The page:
Psychodrama Books

Not Lolita: Aditya Sudarshan reviews Kate Elizabeth Russell’s ‘My Dark Vanessa’

All through this book, from the dedication at the beginning to the acknowledgements at the end, and again and again in between, Vladimir Nabokov’s Lolita is referenced. Evidently, Lolita is that upstanding member of the community of books whose existence ‘validates’ what Kate Elizabeth Russell is doing in My Dark Vanessa. But the recourse to Lolita is a deception, like almost everything in Russell’s book. In actuality, it is the dangling thread by which Vanessa unravels.

Let me explain what I mean. My Dark Vanessa is a fictional account of a sexual relationship between a 15-year-old schoolgirl and her 45-year-old English teacher, Jacob Strane. The eponymous Vanessa, now in her 30s, is poring over all that happened to her in the wake of later sexual abuse allegations made against Strane by other girls. But Vanessa doesn’t consider herself a victim; she regards Strane as her first love. She had lied to protect him when their relationship was first discovered in her school-days, and she never cut off contact with him since. So is she sadly deluded? Or is she right in maintaining that she simply matured early, with a (superior) preference for a literary man over callow boys?

Distressing experience

This is an interesting premise, and it is drawn out for close to 400 pages, with certain details of Strane’s selfish behaviour raising red flags of abuse in the reader’s mind, while Vanessa’s stubborn insistence on having wanted the relationship continuously complicates the issue. The quandary seems believable enough, especially in light of Lolita, which both Strane and Vanessa keep talking about.

(Stay up to date on new book releases, reviews, and more with The Hindu On Books newsletter. Subscribe here.)

But the reader who buys this premise is in for a purely confusing and distressing experience. Given a weakness for mere sensations, such a reader might praise and thank Russell for the ordeal (as is happening in many quarters).

Even someone more critical, like the reviewer in The Atlantic, who revisited Lolita and then wondered: “How could any of this ever have been understood — by Vanessa or by Russell — to be a love story?” will remain ambivalent (“[Vanessa] is an immensely difficult person to spend time with. Is she a valuable one, in the end? I still can’t decide.”), if unable to assess the size of the lie.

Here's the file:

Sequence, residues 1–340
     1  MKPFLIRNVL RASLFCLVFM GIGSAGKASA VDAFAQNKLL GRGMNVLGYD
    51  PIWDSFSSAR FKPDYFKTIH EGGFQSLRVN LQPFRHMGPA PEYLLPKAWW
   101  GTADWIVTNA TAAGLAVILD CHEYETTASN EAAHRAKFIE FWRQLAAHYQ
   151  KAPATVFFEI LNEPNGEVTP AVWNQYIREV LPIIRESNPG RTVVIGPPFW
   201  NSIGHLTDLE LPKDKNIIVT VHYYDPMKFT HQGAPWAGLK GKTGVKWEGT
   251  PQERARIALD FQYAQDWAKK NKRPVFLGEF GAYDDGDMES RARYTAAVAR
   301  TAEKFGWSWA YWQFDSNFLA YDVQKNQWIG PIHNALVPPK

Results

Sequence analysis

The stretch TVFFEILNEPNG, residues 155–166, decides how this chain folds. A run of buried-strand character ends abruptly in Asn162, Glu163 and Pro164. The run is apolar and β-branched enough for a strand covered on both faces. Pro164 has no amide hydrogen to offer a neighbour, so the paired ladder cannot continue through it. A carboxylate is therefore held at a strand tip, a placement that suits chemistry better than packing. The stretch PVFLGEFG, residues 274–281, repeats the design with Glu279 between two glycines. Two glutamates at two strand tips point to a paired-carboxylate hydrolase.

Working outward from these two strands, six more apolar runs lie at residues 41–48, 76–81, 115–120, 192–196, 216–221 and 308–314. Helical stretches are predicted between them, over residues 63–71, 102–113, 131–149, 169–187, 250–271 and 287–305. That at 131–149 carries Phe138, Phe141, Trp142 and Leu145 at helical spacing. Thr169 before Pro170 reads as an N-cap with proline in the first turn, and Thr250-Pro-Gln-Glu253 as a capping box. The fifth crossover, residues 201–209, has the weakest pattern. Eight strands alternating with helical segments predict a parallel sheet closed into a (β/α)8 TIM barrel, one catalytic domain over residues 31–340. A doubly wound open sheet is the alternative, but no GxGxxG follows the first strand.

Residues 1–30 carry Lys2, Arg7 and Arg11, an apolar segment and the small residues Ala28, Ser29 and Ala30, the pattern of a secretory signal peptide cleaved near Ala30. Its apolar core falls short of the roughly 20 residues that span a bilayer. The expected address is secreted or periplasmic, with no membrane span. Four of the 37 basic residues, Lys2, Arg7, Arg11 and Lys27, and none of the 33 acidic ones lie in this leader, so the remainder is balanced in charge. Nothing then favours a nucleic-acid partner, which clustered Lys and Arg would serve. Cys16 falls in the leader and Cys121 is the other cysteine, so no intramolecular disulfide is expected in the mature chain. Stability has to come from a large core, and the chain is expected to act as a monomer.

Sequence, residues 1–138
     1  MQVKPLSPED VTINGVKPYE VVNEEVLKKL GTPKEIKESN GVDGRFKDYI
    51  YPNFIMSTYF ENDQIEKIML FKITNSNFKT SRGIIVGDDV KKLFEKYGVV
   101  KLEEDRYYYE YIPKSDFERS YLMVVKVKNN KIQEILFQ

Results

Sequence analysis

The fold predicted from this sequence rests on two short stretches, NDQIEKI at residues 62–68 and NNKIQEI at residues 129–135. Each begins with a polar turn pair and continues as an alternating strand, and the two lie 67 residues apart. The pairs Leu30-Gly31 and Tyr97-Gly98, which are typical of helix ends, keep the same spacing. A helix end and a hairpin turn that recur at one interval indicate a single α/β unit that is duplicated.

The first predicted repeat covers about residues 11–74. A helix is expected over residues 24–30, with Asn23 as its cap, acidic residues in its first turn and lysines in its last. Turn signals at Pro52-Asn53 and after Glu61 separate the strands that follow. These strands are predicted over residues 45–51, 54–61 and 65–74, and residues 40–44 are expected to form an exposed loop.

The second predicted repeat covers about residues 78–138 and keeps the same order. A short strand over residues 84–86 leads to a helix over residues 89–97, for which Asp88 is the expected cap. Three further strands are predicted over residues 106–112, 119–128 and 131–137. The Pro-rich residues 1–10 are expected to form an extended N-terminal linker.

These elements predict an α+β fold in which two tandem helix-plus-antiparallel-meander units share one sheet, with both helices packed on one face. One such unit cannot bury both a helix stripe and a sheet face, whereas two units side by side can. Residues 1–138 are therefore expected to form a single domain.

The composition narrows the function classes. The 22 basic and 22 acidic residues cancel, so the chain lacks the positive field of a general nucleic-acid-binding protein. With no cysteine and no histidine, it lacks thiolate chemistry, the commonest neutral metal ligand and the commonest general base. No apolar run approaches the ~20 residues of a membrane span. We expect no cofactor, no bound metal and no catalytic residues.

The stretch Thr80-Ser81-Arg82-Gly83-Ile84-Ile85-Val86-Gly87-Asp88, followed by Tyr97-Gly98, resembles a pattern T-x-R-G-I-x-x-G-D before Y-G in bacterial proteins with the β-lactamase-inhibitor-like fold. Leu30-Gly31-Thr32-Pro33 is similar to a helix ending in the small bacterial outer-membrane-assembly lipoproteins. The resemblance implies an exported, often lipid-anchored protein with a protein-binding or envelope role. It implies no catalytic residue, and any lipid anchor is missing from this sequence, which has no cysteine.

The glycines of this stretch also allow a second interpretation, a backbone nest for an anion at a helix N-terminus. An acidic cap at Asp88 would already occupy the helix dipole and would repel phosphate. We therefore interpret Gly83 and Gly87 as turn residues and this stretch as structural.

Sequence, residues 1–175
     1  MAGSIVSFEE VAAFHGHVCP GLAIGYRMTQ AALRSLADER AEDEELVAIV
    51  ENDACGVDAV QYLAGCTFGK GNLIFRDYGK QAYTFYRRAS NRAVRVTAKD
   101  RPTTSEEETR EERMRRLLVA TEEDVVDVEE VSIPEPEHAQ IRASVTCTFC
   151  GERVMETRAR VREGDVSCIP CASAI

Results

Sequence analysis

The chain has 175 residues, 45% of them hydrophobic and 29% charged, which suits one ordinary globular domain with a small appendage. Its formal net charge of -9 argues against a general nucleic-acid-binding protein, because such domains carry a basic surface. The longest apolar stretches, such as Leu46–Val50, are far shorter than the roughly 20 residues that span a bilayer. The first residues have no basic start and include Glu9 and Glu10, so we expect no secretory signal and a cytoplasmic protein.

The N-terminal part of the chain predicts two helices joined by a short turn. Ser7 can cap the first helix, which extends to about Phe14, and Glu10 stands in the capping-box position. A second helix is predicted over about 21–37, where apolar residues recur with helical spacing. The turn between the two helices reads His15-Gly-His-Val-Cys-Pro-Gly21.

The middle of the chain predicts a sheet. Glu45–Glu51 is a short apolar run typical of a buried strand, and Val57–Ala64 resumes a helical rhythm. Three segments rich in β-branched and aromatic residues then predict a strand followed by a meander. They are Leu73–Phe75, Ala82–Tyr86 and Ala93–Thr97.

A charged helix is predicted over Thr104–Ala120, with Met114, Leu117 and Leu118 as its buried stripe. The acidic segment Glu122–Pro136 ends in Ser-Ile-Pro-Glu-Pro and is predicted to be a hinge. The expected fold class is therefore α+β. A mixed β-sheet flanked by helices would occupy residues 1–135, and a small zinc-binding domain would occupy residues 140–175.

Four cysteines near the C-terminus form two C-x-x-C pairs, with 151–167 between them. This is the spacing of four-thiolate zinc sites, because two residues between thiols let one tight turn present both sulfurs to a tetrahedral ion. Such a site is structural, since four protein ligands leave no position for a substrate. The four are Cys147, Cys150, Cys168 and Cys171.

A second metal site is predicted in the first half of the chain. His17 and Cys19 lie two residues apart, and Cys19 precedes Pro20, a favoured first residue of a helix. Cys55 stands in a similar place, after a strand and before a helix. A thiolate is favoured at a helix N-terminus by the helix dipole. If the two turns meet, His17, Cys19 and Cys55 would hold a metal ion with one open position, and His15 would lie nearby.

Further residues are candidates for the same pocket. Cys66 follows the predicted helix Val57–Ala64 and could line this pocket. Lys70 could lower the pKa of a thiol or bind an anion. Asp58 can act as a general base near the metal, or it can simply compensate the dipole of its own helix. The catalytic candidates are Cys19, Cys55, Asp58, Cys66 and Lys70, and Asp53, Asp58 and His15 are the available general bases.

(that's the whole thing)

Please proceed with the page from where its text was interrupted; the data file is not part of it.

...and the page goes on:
It’s abusive

For My Dark Vanessa is indeed a lie, one that involves such a meretricious use of fiction that it calls for a fuller exposure than is possible here. The clue to the lie is how flagrantly Russell mischaracterises Lolita. To begin with, Nabokov is hardly renowned for his empathy. Lolita is something of a self-conscious exercise in seeing how far the lyricism of sentences (in which matter Nabokov has few peers) can obscure essential ugliness. No serious thinker would go to Lolita, in the first instance,for a psychological understanding of child sexual abuse. Yet even so, Nabokov had enough psychological sense to avoid depicting Dolores Haze in love with his narrator, Humbert.

Not Lolita: Aditya Sudarshan reviews Kate Elizabeth Russell’s ‘My Dark Vanessa’
 

Humbert romanticises Dolores, but she merely endures him, being also dependent on him. The person for whom Dolores does fall head over heels and risks everything is not the well-spoken, well-mannered Humbert (on whom her mother, contrariwise, had a crush), but the flagrant pornogapher and paedophile, Clare Quilty. Thereby, one thing is made clear: Dolores Haze really was 12 years old.

But Vanessa Wye is not 15, or to put it in another way, she is purely fictitiously 15. It is obvious that, in terms of the actual psychology of this character, we are reading about a much older woman. Let us recall that fiction does not invent its own truth; it must answer to reality. A world of reality separates an adolescent, including an adolescent who is “old for her years”, from an older woman role-playing an adolescent, which is what Russell’s literary creation is. Once this is grasped, the banality of this portentous book also springs into view. Vanessa’s knowingness (which is synchronous, and not in hindsight) of every intimate nuance and strand of power play ongoing between her and Strane is seen to be commonplace, as is their whole relationship and the course of it. To wit, a powerful psycho-sensual attraction, a period of lust and mushiness, a perverse episode or two, signalling the absence of real understanding, and the fact that both parties have been living within their own heads all along, followed by a potentially indefinite time of recrimination, pride and possessiveness.

That all this, though commonplace, really is damaging, and at any age, is the ironic basis of My Dark Vanessa’s emotional valence. But it is not edifying to be sucked into the whirl of an ordinary toxic relationship, now role-played as child abuse, demanding from readers the role-playing of horror-struck therapists. It is abusive, and like all abuse, should be called out as firmly as possible.

There is more to be said about My Dark Vanessa and all that is linked with it — the curiously twisted fiction coming out of MFA programmes; the compulsive associations of modern classrooms with power play; the compulsively pathological imagination of sex. But those are longer discussions.

My Dark Vanessa; Kate Elizabeth Russell, Fourth Estate, ₹499

The writer is the author, most recently, of The Outraged: Times of Strife.


Our code of editorial values

Related Topics
This article is closed for comments.
Please Email the Editor

Printable version | Jun 21, 2021 6:20:43 PM | https://www.thehindu.com/books/not-lolita-aditya-sudarshan-reviews-kate-elizabeth-russells-my-dark-vanessa/article32456818.ece

Next Story